In general, the above methods are deficient in that it is difficult or impossible to control the viscosities of the polysilazanes so that they are suitable for the intended end use of the polymer. For example, low viscosities are desirable for polymers used to produce thin films or to infiltrate porous ceramic bodies, and high viscosities are desirable for making fibers.

SUMMARY OF THE INVENTION

A method has now been found for preparing modified polysilazane ceramic precursors in which the viscosity of the polymer can be easily controlled. The polymers are prepared by a method comprising (1) preparing a silazane ammonolysis product by reacting ammonia with a halogenated silicon compound selected from the group consisting of RSiX3, RR'SiX2 and mixtures thereof, wherein X is selected from the group consisting of Cl, Br and I; and R and R' are the same or different and are selected from the group consisting of H, substituted or unsubstituted 1-6 carbon alkyl, aryl, 2-6 carbon alkenyl and 2-6 carbon alkynyl groups, wherein the reaction mixture contains at least one halogenated silicon compound having a Si-H bond, (2) mixing the silazane ammonolysis product with from about 0.1% to about 30% by weight, based on the weight of the ammonolysis product, of an organic amide or thioamide, and (3) heating to a temperature of from about 30 to about 300 C.

Polymers where at least one of R and R' is an alkenyl or alkynyl group can be cured by supplying energy to generate free radicals. The cured or uncured modified polysilazane can be used to prepare silicon nitride-containing ceramic materials by heating to a temperature of at least 800 C. in an inert or ammonia-containing atmosphere.

DETAILED DESCRIPTION OF THE INVENTION

The first step of the process for preparing the silazane polymers of this invention comprises reacting ammonia, or a mixture of ammonia and a substituted or unsubstituted 1-4 carbon alkyl or aryl amine, with a halogenated silicon compound selected from the group consisting of RSiX3, RR'SiX2 and mixtures thereof, including mixtures where more than one compound having the formula RSiX3 or RR'SiX2 is used. Optionally, RR'R"SiX, SiX4 or mixtures thereof can also be present in the reaction mixture. X can be Cl, Br, or I. Cl is preferred. R, R' and R" can be the same or different and are selected from the group consisting of H, substituted or unsubstituted 1-6 carbon alkyl, aryl, 2-6 carbon alkenyl and 2-6 carbon alkynyl groups. The reaction mixture must contain at least one halogenated silicon compound having a Si--H bond. Examples of halogenated silicon compounds suitable for use in the process of this invention include, but are not limited to, methyldichlorosilane, vinylmethyldichlorosilane, tetrachlorosilane, tetrabromosilane, trichlorosilane, vinyltrichlorosilane, methyltrichlorosilane, phenyltrichlorosilane, ethyltrichlorosilane, propyltrichlorosilane, butyltrichlorosilane, methyltribromosilane, dimethyldichlorosilane, phenylmethyldichlorosilane, dimethyldibromosilane, trimethylchlorosilane, dimethylchlorosilane, dimethylvinylchlorosilane, and trimethylbromosilane.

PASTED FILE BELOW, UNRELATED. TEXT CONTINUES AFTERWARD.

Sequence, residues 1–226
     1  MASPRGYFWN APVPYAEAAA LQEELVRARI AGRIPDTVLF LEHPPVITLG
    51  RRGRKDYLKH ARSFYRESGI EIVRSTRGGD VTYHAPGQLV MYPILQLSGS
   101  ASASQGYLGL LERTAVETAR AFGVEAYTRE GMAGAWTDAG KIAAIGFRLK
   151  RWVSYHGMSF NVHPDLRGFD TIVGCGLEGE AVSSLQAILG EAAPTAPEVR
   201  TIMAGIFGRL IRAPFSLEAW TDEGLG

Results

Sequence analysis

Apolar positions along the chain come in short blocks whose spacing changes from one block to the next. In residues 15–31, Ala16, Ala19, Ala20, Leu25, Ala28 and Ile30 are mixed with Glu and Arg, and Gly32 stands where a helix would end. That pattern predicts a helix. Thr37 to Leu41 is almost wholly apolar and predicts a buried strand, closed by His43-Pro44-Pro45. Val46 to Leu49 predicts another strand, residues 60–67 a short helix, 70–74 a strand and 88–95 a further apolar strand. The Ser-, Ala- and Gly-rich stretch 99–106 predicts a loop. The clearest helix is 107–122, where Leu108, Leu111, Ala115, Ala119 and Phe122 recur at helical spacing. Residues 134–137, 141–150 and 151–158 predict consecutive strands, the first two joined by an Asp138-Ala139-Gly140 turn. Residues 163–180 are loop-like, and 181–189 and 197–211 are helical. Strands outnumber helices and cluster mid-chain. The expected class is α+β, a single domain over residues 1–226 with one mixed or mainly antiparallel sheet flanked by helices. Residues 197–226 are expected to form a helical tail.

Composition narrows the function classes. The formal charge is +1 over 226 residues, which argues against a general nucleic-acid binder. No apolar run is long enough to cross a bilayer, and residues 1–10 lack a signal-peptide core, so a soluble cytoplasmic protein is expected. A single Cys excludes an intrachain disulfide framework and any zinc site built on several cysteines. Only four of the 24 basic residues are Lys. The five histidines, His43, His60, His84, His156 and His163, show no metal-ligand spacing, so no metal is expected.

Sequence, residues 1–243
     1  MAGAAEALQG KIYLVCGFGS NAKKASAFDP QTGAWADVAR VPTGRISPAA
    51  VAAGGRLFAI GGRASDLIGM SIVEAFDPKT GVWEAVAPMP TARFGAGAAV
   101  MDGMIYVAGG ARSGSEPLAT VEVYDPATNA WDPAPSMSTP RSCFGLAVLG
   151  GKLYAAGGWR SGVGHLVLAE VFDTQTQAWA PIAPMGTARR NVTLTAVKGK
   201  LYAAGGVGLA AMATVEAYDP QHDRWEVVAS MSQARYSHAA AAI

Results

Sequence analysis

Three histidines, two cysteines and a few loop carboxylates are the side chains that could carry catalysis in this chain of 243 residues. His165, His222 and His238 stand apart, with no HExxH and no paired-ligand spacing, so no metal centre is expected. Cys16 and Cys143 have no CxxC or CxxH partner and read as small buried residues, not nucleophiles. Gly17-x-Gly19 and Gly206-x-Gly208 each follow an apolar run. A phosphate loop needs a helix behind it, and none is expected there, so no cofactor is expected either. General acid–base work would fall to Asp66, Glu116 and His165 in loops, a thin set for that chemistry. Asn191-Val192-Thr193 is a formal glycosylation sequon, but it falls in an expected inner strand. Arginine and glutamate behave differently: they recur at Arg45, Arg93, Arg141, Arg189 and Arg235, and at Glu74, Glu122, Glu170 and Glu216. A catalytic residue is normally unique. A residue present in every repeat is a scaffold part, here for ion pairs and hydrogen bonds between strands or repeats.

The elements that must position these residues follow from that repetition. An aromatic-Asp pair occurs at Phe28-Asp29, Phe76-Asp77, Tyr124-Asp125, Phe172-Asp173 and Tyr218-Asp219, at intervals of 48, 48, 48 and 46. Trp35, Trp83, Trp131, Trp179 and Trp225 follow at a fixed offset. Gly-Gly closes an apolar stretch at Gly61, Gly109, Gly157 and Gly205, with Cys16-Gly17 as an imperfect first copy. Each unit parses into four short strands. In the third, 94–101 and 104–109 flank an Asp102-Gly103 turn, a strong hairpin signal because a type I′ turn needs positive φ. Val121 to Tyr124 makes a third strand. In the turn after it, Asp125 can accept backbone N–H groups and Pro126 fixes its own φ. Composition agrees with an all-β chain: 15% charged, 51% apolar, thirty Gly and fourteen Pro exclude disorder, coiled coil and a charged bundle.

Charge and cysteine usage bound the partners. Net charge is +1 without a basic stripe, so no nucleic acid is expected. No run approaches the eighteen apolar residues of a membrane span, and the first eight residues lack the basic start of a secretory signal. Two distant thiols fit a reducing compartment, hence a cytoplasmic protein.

The ammonolysis product that is formed also contains Si--H bonds. When ammonia alone is reacted with the halogenated silicon compound, the ammonolysis product is predominantly a mixture of cyclic compounds of varying ring size, but can possibly contain small amounts (usually less than 1%) of linear species. When a mixture of ammonia and an alkyl or aryl amine is used, the ammonolysis product contains more linear than cyclic species.

The ammonolysis product is then mixed with from 0.1% to about 30%, based on the weight of the ammonolysis product, of an organic amide or thioamide. From 0.5% to about 5% by weight of the organic amide or thioamide is preferred. After the addition of the organic amide or thioamide, the mixture is heated to 30-300 C., preferably from 110 to 180 C., to initiate partial cross-linking as indicated by a substantial increase in molecular weight and viscosity, e.g., an increase in viscosity from 15 to 20,000 cps at 25 C., and evolution of hydrogen gas. The reaction can be carried out with or without a solvent, although it is preferably carried out without a solvent. Although the exact reaction mechanism is not known, it is believed that the first step of the reaction is the cleavage of the bond between a nitrogen atom and a silicon atom bonded to hydrogen and insertion of the C═O or C═S of the amide or thioamide between the Si and N atoms, accompanied by evolution of hydrogen gas. There is no cross-linking, and therefore no evolution of hydrogen gas, if Si--H bonds are not present in the ammonolysis product.

The silazane polymer that is formed can be a liquid that is soluble in common organic solvents and is stable in the absence of moisture. Alternatively, solids can be formed by reaction with higher concentrations of amides at high temperatures. These solid polymers are not generally soluble in common organic solvents.

The organic amides and thioamides used in the process of this invention can be monofunctional or polyfunctional, substituted or unsubstituted 1-6 carbon alkyl, aryl, 2-6 carbon alkenyl or 2-6 carbon alkynyl compounds. Suitable organic amides and thioamides include, but are not limited to, acetamide, N-methylacetamide, N,N-dimethylacetamide, benzamide, thiobenzamide, formamide, N-methylformamide, dimethylformamide, urea, N-methylurea, 1,1-dimethylurea, 1,3-dimethylurea and 1-methyl-2-thiourea.